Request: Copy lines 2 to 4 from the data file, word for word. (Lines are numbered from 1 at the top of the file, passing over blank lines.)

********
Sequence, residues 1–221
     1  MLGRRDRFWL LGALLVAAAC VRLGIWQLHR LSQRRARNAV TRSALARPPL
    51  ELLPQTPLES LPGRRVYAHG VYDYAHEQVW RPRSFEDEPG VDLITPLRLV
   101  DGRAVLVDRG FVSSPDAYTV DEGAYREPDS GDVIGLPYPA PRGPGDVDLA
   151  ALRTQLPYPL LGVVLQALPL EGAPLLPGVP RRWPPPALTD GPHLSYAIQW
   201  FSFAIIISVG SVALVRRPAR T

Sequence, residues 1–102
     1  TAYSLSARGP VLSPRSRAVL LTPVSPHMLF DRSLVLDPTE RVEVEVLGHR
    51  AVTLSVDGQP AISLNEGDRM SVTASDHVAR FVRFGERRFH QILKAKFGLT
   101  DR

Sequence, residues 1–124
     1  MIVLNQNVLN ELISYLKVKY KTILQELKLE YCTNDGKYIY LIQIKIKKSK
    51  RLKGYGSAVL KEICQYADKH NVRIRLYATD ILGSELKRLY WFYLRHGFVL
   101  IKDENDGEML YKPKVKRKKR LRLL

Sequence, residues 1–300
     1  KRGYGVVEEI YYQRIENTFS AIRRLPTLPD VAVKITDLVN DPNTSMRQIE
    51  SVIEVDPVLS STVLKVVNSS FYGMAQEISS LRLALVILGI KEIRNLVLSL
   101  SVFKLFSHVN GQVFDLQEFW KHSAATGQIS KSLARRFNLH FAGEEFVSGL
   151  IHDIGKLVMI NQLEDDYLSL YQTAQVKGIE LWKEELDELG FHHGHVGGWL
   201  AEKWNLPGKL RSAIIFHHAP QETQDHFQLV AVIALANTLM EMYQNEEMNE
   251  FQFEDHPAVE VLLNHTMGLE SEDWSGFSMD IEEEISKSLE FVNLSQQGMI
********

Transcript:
     1  MLGRRDRFWL LGALLVAAAC VRLGIWQLHR LSQRRARNAV TRSALARPPL
    51  ELLPQTPLES LPGRRVYAHG VYDYAHEQVW RPRSFEDEPG VDLITPLRLV
   101  DGRAVLVDRG FVSSPDAYTV DEGAYREPDS GDVIGLPYPA PRGPGDVDLA